In the last nine months, five Ferrari F40s sold for over three million dollars. The most expensive, a 1992 U.S.-market car went for $3,855,000 at Monterey, showing 9,447 original California miles on the clock. Aluminum fuel tanks may be preferable to the European ones that need replacing all the time, yet considering how 1,315 were made in total, that’s quite a sum for any F40. Brand new, these cars cost $400,000. By 1994, you could get one for half that.
As the last major Ferrari approved by Enzo himself, the F40 was developed from the stillborn Group B project and the resulting 288 GTO Evoluzione, only to become a prototype-style supercar made for the road in 1987. It was a mixture of Kevlar, carbon fiber and aluminum, all bolted to a rather agricultural tubular steel frame, with a body made by Cesare Bagni, a long-time composite specialist supplier of Enzo running Trasformazione Italiana Resine.
Ferrari wanted to produce just 400 examples of its anniversary special, yet demand before the market crashes of the early Nineties was so high, they ended up making more than triple that. All F40s were supposed to be red, but certain members of the House of Bolkiah ordered a fleet resprayed by Pininfarina Special Projects. As for the factory paint, many Ferrari dealers decided to correct Maranello’s finish, since Ferrari didn’t care for a flawless shine on the carbon fiber. Ferrari preferred lightness.
There are more F40s out there than F50s, Enzos and LaFerrari coupés combined. That volume alone kept prices at a reasonable level for a long time, and since Giuliano Michelotto built racing cars with Ferrari’s blessing in period, people knew the Dino-based Tipo F120A/F120D engine could take a beating. Modifications don’t necessarily decrease an F40’s value, as evidenced by the originally Dutch Nardo Gray racing F40 that sold for $2,750,000 at Scottsdale 2023. Luckily for the rest of us, some owners don’t mind putting proper miles into their tuned F40s, especially if the Rosso Corsa is gone already. There are loads of really good colors out there, and most look perfect on Pietro Camardella’s Pininfarina design.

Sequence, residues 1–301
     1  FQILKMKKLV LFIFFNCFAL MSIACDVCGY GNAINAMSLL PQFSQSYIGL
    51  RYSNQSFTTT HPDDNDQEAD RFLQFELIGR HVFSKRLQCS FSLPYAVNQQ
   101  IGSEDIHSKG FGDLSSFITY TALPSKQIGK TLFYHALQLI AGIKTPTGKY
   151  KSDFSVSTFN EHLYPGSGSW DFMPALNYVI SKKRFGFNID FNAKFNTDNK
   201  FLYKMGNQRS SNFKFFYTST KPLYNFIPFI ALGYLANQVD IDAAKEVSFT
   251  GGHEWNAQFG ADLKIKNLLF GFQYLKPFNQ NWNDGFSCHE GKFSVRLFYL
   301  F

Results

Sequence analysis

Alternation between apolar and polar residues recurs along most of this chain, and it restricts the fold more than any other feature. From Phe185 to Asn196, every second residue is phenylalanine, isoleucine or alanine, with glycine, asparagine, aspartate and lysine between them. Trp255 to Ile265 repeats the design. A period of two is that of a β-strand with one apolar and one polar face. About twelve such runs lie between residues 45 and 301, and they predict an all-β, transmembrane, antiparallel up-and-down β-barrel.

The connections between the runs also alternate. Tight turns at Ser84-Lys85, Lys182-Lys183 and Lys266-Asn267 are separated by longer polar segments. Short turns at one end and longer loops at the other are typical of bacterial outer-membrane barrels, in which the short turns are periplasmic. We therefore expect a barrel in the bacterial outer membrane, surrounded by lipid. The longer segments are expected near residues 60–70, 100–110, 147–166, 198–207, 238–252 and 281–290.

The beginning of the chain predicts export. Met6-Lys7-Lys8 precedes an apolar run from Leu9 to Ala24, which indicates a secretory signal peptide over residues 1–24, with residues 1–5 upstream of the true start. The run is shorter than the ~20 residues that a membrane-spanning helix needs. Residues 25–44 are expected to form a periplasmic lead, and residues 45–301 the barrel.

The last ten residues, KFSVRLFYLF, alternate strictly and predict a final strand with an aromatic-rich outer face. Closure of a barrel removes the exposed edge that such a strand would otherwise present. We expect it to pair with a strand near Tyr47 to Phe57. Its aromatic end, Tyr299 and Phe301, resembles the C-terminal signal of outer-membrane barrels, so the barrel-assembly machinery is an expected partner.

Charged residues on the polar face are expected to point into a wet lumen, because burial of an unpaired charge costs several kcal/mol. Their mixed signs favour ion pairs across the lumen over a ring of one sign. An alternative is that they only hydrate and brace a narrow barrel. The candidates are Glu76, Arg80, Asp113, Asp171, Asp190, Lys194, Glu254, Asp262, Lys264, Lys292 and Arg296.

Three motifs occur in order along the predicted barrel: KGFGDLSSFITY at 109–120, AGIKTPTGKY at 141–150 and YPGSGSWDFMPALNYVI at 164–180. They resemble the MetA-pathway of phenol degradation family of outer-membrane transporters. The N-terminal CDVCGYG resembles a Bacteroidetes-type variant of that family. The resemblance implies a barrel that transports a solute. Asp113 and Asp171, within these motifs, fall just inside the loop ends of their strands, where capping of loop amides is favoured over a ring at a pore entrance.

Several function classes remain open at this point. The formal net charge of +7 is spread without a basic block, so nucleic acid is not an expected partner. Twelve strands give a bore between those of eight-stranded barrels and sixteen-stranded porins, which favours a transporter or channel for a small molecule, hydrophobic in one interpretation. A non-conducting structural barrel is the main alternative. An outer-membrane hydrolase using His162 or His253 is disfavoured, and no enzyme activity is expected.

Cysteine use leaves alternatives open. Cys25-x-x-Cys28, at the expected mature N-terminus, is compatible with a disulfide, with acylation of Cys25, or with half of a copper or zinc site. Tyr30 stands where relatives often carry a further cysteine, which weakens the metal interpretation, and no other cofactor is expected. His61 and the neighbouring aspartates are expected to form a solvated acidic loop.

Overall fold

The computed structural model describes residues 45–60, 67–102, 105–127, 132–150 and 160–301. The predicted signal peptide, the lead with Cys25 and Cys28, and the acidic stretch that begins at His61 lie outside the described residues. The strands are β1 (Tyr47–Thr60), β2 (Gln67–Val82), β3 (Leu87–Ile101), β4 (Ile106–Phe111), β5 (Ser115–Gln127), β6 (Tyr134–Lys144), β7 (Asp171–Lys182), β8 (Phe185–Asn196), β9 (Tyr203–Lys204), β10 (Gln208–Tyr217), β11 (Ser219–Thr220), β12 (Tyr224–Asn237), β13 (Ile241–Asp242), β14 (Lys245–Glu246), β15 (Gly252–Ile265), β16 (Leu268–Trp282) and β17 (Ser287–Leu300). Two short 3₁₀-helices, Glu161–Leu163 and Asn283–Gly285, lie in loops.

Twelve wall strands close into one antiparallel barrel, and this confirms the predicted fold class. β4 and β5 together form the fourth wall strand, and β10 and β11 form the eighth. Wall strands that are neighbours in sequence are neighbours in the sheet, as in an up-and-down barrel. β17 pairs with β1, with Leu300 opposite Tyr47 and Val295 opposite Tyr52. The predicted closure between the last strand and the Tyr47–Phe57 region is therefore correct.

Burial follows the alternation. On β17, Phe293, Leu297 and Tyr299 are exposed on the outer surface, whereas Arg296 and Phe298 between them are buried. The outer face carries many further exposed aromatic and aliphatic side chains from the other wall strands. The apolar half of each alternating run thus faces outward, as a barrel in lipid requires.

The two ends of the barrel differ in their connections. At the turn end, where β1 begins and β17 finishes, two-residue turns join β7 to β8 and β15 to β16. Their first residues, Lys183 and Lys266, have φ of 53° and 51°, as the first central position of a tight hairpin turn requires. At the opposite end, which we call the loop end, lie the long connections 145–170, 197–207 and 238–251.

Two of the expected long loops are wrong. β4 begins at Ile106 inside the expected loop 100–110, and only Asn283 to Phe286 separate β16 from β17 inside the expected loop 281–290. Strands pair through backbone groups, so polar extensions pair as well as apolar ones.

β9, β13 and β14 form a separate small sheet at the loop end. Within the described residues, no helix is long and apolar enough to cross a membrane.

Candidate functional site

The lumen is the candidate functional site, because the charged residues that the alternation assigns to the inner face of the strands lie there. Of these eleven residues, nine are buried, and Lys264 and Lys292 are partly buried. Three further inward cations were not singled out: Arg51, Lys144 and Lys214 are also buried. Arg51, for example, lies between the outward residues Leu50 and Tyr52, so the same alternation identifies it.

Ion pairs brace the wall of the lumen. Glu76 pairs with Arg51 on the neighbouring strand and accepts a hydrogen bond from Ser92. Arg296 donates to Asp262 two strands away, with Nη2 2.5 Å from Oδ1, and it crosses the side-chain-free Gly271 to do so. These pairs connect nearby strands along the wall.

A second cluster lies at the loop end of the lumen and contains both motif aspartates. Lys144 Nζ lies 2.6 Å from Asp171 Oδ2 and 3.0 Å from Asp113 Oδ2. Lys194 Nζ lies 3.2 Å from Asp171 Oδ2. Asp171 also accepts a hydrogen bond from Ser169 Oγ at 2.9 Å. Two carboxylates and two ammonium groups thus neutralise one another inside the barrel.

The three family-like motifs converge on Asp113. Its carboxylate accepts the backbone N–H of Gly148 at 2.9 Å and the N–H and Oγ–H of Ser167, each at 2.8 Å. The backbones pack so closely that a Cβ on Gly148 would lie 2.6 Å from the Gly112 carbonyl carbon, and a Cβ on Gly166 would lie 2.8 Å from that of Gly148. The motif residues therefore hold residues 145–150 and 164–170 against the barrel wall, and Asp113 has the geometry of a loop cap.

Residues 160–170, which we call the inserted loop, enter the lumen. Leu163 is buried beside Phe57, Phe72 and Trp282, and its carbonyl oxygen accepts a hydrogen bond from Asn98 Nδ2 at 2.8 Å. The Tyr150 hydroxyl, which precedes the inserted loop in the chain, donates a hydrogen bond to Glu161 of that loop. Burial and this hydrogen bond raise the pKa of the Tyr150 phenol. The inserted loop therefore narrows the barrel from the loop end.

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The red car that RM Sotheby’s managed to sell for $2.2 million at Villa Erba last weekend had a scratch on its rear bumper. On the side, just behind the wheel. That seemed odd for a car fully restored by marque specialists Carrozzeria Zanasi and Bonfatti, given that’s not the sort of patina low-milage F40 connoisseurs are always on about. The overspray through the vents, the shade of the green sealant between the panels, the paint peeling from the exhaust is more to their liking.
The mint green F40 belongs to Schaltkulisse, a high-end collector car business based in Taufkirchen, Germany. Kind of like DK Engineering’s pair of F40 pace cars at Goodwood, the mint green Ferrari was partly sent to Como to generate a million posts on social media, no doubt. Taufkirchen is also a five hour drive from Como through picturesque Lichtenstein, so I can only hope they’ve done the road trip.
I’ve talked to Mate Rimac at Villa d’Este, and he actually drove his Bugatti Chiron all the way from Zagreb. That’s seven hours in peak Piëch comfort. Five hours through Europe in an F40 must be a very different experience, yet one I would cherish.
Keyword: Modify Your F40